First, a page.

This reminiscence of a beloved childhood house in Seattle's Green Lake neighborhood of the 1920s was written by Dorothea Nordstrand (1916-2011), who has lived in the vicinity for much of her life. In 2009 Dorothea Nordstrand was awarded AKCHO's (Association of King County Historical Organizations) Willard Jue Memorial Award for a Volunteer, in part for contributing these vivid reminiscences to HistoryLink.org's People's History library.
7424 East Greenlake Way
The year was 1923, and we had been in Seattle for about four years, when Mamma fell in love with the city block between Sunnyside and Latona, on East Green Lake Way. The middle houses on this block stood high above the street, supported by a 16-foot cement bulkhead, and each had a sweeping view over Green Lake. She walked by these houses every day on her way to the "District" to do her shopping. Green Lake, at that time, was a bustling little neighborhood, with several grocery stores, each with its own meat market and butcher. There was a bank, a bakery, a hardware store, a dry-goods store, a theater, and a five-and-dime ... in short just about anything needed by the local residents.
Our little house on Bagley was too small for our growing family. The attic had been partitioned to make a room for Florence and me, and Daddy had cut a dormer window into the roof of the other half to bring light into Jack's bedroom, but all of the rooms in the house were tiny. Mother longed for more space. Also, coming from the mountains of Eastern Washington had accustomed her eyes to a distant outlook, and she wanted that view over the lake.
One day there was a "For Sale" sign on her favorite house of all, 7424 East Green Lake Way, smack in the middle of "her" block, a two-story house with a porch across the entire front, topped by a balcony with a sturdy railing. The price was $2,500, with $500 to be paid down. She wanted that house! Daddy said, as he always did, "Well, Marion (his own, private name for her. Her name was Mary Annie), if you think we can pay for it, go ahead." Daddy had great faith in Mother's ability in money matters. Even when there was very little income, she managed to put something aside for the "rainy day" that never failed to come.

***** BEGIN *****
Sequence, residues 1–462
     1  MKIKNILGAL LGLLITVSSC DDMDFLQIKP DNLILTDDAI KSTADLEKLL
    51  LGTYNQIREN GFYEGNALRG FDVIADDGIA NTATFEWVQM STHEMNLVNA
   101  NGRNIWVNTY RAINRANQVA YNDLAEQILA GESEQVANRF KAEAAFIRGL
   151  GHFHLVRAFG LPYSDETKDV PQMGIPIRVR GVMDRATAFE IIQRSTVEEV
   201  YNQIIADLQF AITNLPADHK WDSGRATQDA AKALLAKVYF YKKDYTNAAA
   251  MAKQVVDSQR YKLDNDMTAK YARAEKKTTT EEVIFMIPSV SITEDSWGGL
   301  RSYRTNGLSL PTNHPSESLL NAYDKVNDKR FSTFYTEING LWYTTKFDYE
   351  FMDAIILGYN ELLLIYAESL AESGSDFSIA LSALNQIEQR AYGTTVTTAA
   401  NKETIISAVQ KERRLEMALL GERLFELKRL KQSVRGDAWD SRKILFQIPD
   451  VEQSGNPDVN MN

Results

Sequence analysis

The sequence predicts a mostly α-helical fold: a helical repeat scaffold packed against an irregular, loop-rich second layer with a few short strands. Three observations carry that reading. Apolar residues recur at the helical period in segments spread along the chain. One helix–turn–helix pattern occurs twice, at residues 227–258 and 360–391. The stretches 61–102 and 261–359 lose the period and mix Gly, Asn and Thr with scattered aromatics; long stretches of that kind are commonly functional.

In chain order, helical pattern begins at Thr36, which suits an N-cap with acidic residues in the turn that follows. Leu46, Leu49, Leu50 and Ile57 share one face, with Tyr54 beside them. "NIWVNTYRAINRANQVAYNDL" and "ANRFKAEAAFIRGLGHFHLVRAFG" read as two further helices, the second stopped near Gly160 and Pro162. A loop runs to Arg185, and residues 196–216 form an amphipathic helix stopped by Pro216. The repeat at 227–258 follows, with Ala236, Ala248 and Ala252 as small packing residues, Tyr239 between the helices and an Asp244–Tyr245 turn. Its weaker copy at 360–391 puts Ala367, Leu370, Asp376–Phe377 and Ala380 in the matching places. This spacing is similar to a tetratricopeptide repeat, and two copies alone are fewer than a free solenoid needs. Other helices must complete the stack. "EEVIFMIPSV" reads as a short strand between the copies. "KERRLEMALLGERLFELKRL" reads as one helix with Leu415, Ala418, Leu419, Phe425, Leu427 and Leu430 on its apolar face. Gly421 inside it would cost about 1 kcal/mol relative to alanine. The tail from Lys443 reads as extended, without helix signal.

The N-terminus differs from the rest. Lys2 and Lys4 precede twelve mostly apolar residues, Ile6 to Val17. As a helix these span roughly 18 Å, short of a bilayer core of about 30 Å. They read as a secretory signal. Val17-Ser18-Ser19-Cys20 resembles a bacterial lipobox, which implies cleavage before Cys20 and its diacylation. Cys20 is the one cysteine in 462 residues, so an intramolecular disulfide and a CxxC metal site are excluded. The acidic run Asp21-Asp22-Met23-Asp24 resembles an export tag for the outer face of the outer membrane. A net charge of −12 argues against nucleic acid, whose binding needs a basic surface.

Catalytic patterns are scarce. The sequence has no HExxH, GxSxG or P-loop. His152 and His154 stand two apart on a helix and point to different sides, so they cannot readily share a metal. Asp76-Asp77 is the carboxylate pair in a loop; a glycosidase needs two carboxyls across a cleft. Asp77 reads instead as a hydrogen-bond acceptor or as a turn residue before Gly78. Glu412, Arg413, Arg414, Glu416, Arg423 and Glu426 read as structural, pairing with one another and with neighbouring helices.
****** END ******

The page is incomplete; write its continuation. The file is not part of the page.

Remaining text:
The Bagley house sold to some people named "VanPelt" and their down payment served as our down payment on the new house. The $25 we collected monthly on VanPelt's contract would, in turn, make the monthly payment for us. Where the money would come from if VanPelts defaulted, was a question, but they would face that problem if, or when, it came. Dad had a job with a construction company on a fairly steady basis ... as steady as a job could be in a trade that shut down completely when the weather was bad. They took the chance.
Mom's dream house was far from new, being built in 1906, but it was much bigger than the house on Bagley, so we now had room to stretch out. There was a large kitchen, a good-sized bathroom, a fair sized living room and dining room, and an adequate bedroom on the first floor, with an unfinished attic above.
Mamma scrounged an old, blue, discarded, stage curtain from the neighborhood theater and draped it over a long rope to divide the attic until the day that we could make proper rooms up there. Florence and I slept in the back half and Jack's bed was in the front part, which included the door to the balcony. That attic was cold! I was glad to share a bed with Florence so that we could keep each other warm on freezing nights. The only heat-providers in the whole house were a tall, cast-iron pot-bellied heat stove in the dining room, and a wood-and-coal cookstove in the kitchen.